1.      Organisation for Economic Co-operation and Development (OECD), Pesticides, Pesticide Testing and Assessment,2340,en_2649_201185_31951370_1_1_1_1,00.html


      2.       Organisation for Economic Co-operation and Development Series on Testing and Assessment, Adopted Guidance and Review Documents,2340,en_2649_201185_1916638_1_1_1_1,00.html


      3.      US Environmental Protection Agency, Pesticides and Toxic Substances, Harmonized Test Guidelines



4.      Europa, European Commission, DG Health and Consumers, Guidance Documents



5.      UK Health & Safety Executive, Chemicals Regulation Directive, Pesticides, Applicant Advice



6.      European Commission, Joint Research Centre, Annex V to Directive 67/548/EEC, Methods for the Determination of Physico-Chemical Properties, Toxicity and Ecotoxicity



7.      Food and Agricultural Materials Inspection Center, About Agricultural Chemicals, Registration System for Agricultural Chemicals



8.      US Food and Drug Administration, Pesticide Analytical Manual (PAM)         M/default.htm


9.       US Environmental Protection Agency, Pesticides, Index of Residue Analytical Methods (RAM)


10.   US Department of Labor, Occupational Safety &Health Administration (OSHA), Sampling and Analytical Methods


11.   Codex Alimentarius, Current Official Standards



12.    Joint FAO/IAEA Division of Nuclear Techniques in Food and Agriculture, Proposed Draft Revision of the List of Methods for Pesticide Residue Analysis Including Methods of Determination for Dithiocarbamates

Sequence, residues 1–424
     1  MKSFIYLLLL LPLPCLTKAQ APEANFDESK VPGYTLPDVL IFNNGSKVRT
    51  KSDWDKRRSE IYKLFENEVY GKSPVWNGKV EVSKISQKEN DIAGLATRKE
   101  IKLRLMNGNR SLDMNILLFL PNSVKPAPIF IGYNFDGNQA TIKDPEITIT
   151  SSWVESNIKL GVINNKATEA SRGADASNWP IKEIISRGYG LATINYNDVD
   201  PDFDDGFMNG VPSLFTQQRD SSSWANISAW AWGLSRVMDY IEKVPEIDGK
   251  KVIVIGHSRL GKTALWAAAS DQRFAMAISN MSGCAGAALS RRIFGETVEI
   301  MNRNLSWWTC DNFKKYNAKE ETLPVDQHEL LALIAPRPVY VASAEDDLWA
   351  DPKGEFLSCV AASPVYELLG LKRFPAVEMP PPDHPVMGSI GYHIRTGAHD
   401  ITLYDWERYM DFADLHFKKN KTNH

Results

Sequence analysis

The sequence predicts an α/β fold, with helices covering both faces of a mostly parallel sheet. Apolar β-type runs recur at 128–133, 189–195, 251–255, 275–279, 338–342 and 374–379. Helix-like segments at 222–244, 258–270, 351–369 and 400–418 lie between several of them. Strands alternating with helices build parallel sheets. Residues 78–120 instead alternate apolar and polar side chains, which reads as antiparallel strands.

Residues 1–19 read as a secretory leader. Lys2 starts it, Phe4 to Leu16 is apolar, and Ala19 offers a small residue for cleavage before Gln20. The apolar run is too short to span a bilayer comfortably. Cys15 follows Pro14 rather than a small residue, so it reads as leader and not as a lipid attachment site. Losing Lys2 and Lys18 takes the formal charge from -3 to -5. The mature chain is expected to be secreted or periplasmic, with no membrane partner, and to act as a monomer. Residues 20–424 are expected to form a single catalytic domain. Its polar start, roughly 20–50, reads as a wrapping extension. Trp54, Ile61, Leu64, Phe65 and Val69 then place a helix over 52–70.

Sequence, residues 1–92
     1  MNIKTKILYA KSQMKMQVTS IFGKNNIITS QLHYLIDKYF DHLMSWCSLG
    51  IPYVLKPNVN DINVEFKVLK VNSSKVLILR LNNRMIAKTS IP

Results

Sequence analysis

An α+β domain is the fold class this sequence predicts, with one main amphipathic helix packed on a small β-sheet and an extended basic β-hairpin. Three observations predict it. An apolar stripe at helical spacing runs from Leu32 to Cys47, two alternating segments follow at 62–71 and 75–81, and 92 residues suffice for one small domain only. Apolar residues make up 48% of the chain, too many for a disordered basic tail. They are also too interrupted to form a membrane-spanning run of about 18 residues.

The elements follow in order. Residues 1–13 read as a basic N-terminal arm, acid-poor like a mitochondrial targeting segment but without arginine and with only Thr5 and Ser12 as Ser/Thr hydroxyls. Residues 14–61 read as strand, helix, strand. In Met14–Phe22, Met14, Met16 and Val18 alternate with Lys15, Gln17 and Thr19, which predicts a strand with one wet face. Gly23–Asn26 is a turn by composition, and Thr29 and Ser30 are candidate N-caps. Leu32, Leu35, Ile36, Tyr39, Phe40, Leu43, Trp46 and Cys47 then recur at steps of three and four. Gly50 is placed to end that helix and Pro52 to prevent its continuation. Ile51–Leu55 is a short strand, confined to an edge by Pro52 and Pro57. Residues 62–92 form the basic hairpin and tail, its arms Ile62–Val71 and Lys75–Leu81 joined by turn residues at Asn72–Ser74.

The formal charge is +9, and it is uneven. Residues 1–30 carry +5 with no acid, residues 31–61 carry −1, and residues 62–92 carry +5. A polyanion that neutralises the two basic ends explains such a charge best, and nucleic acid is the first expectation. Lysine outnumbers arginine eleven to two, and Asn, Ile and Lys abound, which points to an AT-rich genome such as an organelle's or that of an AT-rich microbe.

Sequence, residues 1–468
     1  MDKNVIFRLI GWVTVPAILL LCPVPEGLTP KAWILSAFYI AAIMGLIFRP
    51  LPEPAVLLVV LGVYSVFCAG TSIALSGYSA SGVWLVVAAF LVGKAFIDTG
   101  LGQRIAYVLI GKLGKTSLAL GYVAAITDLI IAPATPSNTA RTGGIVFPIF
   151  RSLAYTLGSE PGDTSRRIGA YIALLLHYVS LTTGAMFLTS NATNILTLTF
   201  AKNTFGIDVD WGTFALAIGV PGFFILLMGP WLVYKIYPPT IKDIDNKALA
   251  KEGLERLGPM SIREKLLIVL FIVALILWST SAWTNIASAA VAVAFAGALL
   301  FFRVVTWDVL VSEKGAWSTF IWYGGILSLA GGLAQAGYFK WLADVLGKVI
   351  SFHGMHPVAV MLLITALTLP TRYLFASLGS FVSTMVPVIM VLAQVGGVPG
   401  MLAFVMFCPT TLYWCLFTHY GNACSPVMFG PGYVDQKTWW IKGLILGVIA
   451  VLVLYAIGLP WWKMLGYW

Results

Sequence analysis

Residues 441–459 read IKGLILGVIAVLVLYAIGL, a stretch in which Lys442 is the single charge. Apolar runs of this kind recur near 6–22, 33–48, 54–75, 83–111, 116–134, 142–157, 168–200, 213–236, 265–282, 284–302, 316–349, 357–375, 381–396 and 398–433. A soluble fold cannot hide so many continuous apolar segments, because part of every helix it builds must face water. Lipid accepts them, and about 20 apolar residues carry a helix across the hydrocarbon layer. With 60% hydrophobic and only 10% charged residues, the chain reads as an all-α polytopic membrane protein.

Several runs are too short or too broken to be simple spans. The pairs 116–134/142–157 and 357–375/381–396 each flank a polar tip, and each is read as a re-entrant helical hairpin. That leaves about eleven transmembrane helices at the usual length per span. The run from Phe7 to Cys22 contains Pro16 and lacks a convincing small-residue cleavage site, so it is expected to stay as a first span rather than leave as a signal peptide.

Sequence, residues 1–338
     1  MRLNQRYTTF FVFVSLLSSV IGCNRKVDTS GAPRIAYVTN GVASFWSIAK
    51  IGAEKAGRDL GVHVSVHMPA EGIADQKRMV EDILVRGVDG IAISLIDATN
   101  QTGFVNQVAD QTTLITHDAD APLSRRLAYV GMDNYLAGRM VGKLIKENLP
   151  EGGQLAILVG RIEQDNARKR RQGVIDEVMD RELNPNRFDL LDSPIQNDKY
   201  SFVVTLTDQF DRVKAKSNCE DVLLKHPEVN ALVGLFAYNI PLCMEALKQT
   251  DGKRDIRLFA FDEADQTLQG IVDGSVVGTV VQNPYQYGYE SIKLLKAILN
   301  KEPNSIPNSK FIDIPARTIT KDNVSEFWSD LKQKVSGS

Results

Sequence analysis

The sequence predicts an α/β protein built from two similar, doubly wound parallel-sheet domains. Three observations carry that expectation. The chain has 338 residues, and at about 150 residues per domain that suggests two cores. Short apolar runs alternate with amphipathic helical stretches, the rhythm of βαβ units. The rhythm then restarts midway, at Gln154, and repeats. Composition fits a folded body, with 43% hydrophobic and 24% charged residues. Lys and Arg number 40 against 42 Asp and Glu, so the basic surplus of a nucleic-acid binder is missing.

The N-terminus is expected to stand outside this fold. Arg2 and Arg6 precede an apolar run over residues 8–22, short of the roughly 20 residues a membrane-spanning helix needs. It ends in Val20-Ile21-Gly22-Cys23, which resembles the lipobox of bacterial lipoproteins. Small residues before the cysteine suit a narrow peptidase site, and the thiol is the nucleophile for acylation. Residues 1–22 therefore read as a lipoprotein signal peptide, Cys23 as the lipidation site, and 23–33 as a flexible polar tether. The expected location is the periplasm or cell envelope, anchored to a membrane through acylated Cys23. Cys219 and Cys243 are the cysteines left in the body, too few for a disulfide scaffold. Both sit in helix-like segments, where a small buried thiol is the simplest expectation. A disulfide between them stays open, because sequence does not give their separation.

13.   Food and Agriculture Organisation (FAO), Guidelines on Producing Pesticide Residues Data from Supervised Trials, Rome 1990



14.    Europa, European Commission, DG Health and Consumers, Guidelines on Comparability, Extrapolation, Group Tolerances and Data Requirements for Setting MRLs, SANCO 7525/VI/95 - rev.8, February 2008



15.    Europa, European Commission, DG Health and Consumers, Guidance Document on

            Residue Analytical Methods, SANCO/825/00 rev.7, March 2004



16.   Food and Agriculture Organisation (FAO), Submission and evaluation of pesticide  residues data for the estimation of maximum  residue levels in food and feed, Rome 2002



17.   CIPAC, CIPAC Publications



18.   CIPAC, CIPAC Methods, Cumulative Index



19.   European Commission, Joint Research Centre, QSAR Reporting and JRC QSAR Model Database



20.   P. Schmeider, QSAR Overview, October 2008



      21.   Danish Ministry of the Environment, Environmental Protection Agency, (Q)SAR - Assessment of chemical properties of substances



      22.    Organisation for Economic Co-operation and Development (OECD), Environment Directorate, OECD Quantitative Structure-Activity Relationships [(Q)SARs] Project





Last modified April 8th 2010       

Date added: 2010-05-08 00:51:30   
Last Updated 2010-05-10 03:15:28